On 4 March 2021, after several delays, SpaceX launched the 18th Starlink batch (Starlink-18 or V1.0-17). While the launch and deployment profile appears to have been similar to other recent Starlink launches, it appears that something went wrong with the Falcon 9 upper stage near the end of its mission.
On March 8th, Polish observer Adam Hurcewicz reported a bright, fast object in the orbital plane of this launch, passing a few minutes before the main Starlink "train". It was seen on subsequent nights and by other observers as well: the video above is from the early morning of March 9. At it's brightest, this fast moving object reportedly reaches mag -3. It does not appear to match a known object from earlier launches. It also didn't match supplementary TLE's for the Starlink-18 payloads from Celestrak (which are based on State Vectors from SpaceX). The Polish observers therefore speculated it was the Falcon 9 upper stage from the launch.
But that would be against expectations. The Falcon 9 upper stage normally does not stay in orbit: it is de-orbitted soon after payload release, usually about 1.5 revolutions (about 2.5 hours) after launch. So if this object is the Falcon 9 upper stage, this suggests something went wrong and it failed to deorbit.
The speculation that this object is the Falcon 9 Upper Stage can now be bolstered by additional information. The first orbital element sets for this Starlink launch have appeared on the CSpOC portal Space-Track late yesterday (11 March), with catalogue numbers ranging from 47722 to 47786. And they show an extra object!
With Starlink launches, 64 objects are usually catalogued: 60 payloads and four 'Falcon 9 debris' pieces. The latter 'debris' pieces are the payload stack retaining rods: four metal rods which keep the satellite stack together on top of the upper stage. They are jettisoned upon payload release.
An elset for the Falcon 9 upper stage is usually not released by CSpOC: as it normally stays on-orbit for barely more than 1 revolution, it is not catalogued.
But this time, not 64 but 65 objects have been catalogued. The extra 65th object must be the Falcon 9 upper stage, and it indicates it stayed on orbit for more than a few revolutions. Which lines up with the observations by the Polish (and later also other) observers.
Although the 65 objects, at the moment of writing, do not have been individually ID-ed by CSpOC yet (all have the temporary designation "TBA - TO BE ASSIGNED"), the 60 payloads, four retaining rods and the upper stage as such can be clearly identified among them. The objects separate in 3 groups in terms of orbital altitude. The 60 payloads all have (for orbits with epoch 12 March) a perigee above 280 km. The four retaining rods have clearly lower orbits: their perigee is near 243-246 km and apogee near 268-278 km.
The 65th object, which by inference must be the Falcon 9 upper stage, is in a still lower orbit . It has the smallest semi-major axis of all of them with perigee near 237 km and apogee near 270 km. The orbit for this object, catalogue nr 47782 (2021-071BN) also closely matches the observations by the Polish observers.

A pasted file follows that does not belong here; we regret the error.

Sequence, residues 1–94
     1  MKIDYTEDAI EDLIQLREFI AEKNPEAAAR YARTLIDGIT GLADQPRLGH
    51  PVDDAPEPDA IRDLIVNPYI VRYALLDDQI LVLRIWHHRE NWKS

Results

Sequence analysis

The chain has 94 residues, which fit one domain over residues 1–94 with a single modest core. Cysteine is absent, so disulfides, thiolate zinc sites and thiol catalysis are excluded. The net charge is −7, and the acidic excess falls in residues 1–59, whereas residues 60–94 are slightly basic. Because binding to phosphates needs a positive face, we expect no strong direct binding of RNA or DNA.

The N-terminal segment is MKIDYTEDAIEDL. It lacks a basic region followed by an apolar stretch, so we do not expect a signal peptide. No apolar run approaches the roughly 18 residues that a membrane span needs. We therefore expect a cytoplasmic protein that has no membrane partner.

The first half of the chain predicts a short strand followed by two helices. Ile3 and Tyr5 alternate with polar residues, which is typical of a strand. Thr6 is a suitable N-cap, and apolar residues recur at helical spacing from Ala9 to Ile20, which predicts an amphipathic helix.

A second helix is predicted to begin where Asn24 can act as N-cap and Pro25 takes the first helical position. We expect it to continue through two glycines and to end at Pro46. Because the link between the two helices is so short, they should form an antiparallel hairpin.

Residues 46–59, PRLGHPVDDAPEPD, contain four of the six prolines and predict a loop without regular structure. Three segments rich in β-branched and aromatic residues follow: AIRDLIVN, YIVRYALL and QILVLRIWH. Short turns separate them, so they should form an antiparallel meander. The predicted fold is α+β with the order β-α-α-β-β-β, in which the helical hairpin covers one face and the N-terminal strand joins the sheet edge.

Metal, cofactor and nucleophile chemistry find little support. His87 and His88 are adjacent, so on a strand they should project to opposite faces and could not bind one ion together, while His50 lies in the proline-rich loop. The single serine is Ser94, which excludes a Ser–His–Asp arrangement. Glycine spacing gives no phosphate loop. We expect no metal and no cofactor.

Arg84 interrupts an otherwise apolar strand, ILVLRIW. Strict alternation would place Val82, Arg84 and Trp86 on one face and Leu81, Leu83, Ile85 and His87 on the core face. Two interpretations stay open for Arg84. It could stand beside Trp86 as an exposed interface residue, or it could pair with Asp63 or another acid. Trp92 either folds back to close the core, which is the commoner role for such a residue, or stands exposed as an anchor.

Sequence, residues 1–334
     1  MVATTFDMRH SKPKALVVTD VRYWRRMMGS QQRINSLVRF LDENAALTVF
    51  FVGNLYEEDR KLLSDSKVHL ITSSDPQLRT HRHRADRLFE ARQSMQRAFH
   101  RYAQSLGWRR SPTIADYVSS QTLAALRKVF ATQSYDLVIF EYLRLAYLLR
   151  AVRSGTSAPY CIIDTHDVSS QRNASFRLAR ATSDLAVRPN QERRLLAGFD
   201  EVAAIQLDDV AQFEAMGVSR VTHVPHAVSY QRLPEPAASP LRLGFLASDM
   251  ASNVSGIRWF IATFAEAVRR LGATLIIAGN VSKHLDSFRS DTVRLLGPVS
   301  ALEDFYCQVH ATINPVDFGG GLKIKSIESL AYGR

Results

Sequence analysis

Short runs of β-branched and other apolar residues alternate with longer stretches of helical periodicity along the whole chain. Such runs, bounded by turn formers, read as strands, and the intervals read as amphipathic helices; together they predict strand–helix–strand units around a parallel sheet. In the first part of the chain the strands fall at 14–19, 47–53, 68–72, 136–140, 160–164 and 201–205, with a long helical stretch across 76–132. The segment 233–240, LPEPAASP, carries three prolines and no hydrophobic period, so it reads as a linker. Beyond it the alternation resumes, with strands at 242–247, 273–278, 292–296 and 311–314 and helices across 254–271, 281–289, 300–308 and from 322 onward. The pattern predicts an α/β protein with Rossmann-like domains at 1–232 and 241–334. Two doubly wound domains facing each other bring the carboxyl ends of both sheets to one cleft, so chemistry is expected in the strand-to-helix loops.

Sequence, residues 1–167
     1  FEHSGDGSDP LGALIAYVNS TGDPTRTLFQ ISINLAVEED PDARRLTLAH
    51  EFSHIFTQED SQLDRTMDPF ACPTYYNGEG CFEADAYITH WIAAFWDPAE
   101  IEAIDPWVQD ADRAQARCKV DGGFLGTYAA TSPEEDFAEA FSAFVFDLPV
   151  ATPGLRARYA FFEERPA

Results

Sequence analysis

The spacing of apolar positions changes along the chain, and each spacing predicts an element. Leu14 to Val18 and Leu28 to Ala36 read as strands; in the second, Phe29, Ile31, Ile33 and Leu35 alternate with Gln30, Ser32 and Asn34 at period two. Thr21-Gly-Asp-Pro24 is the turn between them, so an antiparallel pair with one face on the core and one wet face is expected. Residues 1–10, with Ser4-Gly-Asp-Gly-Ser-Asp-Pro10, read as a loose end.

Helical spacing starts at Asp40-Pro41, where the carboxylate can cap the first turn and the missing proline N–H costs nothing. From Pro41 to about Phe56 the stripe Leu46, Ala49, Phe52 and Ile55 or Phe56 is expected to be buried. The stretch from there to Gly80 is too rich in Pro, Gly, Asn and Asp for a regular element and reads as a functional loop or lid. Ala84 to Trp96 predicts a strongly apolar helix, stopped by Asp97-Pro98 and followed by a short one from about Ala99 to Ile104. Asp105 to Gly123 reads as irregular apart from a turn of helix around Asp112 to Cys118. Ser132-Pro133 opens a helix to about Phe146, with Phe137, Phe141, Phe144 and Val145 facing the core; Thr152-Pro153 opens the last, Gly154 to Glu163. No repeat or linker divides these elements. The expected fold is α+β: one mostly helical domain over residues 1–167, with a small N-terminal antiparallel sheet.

So why is the Falcon 9 upper stage still on-orbit? It suggests of course that the deorbit went not as planned, i.e. it failed for some reason (e.g. the rocket engine refusing to restart).
That the Falcon 9 upper stage should have deorbitted on March 4, after 1.5 revolutions, is clear from the Navigational Warnings that were issued in connection to this launch. Navigational Warning HYDROPAC 695/21 delineates the usual elongated deorbit zone in the Indian Ocean familiar from earlier Starlink launches:
021948Z MAR 21 HYDROPAC 695/21(GEN). SOUTHERN INDIAN OCEAN. 1. HAZARDOUS OPERATIONS, SPACE DEBRIS 041024Z TO 041326Z MAR, ALTERNATE 051004Z TO 051306Z MAR IN AREA BOUND BY 29-43S 060-07E, 24-55S 064-27E, 38-45S 084-30E, 45-12S 099-45E, 49-46S 119-13E, 50-42S 138-19E, 48-50S 156-44E, 51-46S 158-08E, 54-42S 148-32E, 56-20S 131-03E, 55-52S 107-50E, 49-11S 085-05E, 34-32S 064-13E. 2. CANCEL HYDROPAC 685/21. 3. CANCEL THIS MSG 051406Z MAR 21.
I have plotted the zones from the Area Warnings connected to the launch in this map, along with the groundtrack for the first 1.5 orbital revolutions. The large elongated red zone in the southern Indian Ocean is the planned deorbit area from Navigational Warning HYDROPAC 695/21:
|click map to enlarge|
The position of the reentry hazard zone indicates a reentry was planned around 10:55 UT (March 4), 1.5 revolutions (2h 30m) after launch, following a deorbit burn some 30 minutes earlier.
But the deorbit evidently did not happen as it should have: the upper stage is still orbiting as we speak, a week after launch. The issued Navigational Warning for the deorbit hazard zone strongly suggests this is not intentional.
So how long will the upper stage stay in orbit? The current orbit is low (237 x 271 km), and the object is large (16 x 3.66 meter, with a mass of 4.5 tons) so eventually the rocket stage will have an uncontrolled reentry, somewhere between latitudes 53 deg N and 53 deg S.
A first assessment using both SatEvo and a GMAT simulation suggests that the reentry will probably happen in the last few days of March or the first few days of April.
UPDATE 14 March 2021:CSpOC has now added identifications to the objects, and indeed object 47782 is now listed as "Falcon 9 RB"